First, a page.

Christian school worker wins tribunal appeal

A Christian teaching assistant has won an appeal against her dismissal over sharing her concerns about sex ed materials at her son’s primary school.

In 2020, an employment tribunal ruled that Kristie Higgs’ Christian views were protected by the Equality Act 2010, but that the school lawfully dismissed her.

But the Employment Appeal Tribunal in London has overturned that ruling and sent the case back to the Bristol Employment Tribunal to be heard again. Higgs is being supported by the Christian Legal Centre.

Freedom of belief

Mrs Higgs was dismissed for sharing two posts with her Facebook friends after hearing that the LGBT-promoting ‘No Outsiders’ programme was to be taught at the Church of England primary school.

One of the posts focused on a Relationships and Sex Education petition while the second linked to an article critical of books promoting transgenderism to children in schools.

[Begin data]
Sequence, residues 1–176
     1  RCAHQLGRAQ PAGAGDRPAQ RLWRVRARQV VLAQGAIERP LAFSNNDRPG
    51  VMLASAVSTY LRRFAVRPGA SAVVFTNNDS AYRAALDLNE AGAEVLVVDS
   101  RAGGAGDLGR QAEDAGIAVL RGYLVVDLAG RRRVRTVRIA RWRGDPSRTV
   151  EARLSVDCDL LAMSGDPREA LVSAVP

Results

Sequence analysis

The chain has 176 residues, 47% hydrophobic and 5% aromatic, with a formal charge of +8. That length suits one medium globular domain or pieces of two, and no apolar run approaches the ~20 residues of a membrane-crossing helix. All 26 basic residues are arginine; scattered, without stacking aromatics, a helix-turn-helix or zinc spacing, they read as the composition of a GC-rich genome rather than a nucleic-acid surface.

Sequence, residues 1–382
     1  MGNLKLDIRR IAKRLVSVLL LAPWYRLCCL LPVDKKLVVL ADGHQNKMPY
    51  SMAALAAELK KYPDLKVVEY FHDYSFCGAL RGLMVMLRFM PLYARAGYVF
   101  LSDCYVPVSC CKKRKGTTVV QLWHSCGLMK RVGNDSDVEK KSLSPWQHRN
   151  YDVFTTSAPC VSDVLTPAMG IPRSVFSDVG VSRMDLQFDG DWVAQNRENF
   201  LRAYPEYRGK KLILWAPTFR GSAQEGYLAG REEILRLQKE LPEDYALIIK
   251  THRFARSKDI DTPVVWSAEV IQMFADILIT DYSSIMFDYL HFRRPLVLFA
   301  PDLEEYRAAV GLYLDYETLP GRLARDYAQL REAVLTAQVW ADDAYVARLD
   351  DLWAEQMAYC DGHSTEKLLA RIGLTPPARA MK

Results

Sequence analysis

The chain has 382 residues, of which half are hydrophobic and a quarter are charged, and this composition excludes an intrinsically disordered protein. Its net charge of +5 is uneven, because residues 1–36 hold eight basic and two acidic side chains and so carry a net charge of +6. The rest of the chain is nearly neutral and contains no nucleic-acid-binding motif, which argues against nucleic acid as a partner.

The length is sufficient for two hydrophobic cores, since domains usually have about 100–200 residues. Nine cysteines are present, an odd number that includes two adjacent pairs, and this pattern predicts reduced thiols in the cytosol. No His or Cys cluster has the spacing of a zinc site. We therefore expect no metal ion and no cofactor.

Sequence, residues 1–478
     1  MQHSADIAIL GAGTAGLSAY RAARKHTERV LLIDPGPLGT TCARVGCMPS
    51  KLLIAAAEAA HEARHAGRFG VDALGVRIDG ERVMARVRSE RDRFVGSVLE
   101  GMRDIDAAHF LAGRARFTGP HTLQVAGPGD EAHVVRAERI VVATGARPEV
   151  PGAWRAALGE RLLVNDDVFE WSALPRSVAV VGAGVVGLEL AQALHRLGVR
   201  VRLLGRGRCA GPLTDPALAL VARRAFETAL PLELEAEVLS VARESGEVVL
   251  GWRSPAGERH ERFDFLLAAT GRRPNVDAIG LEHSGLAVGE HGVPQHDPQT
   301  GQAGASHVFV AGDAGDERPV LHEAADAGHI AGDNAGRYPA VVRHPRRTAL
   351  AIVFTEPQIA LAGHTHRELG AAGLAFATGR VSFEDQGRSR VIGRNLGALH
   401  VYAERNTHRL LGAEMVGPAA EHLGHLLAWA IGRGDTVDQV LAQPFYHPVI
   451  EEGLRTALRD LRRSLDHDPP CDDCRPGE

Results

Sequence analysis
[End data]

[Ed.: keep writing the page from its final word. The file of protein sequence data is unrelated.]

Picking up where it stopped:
In her judgment, President of the Employment Appeal Tribunal Dame Jennifer Eady said the law backed free speech and religious liberty.

“The freedom to manifest belief (religious or otherwise) and to express views relating to that belief are essential rights in any democracy, whether or not the belief in question is popular or mainstream and even if its expression may offend.”

Anonymous complaint

A single anonymous complaint to her secondary school employer prompted the disciplinary hearing which led to her dismissal.

Farmor’s School in Fairford, Gloucestershire, had said her comments could damage its reputation and dismissed her for gross misconduct.

Also see:

Christian sacked for pro-marriage views settles unfair dismissal case

Teacher sacked after sharing marriage beliefs during staff training

School dismisses Christian over Facebook LGBT posts

Scottish civil servant dismissed over ‘gender views’ seeks employment tribunal

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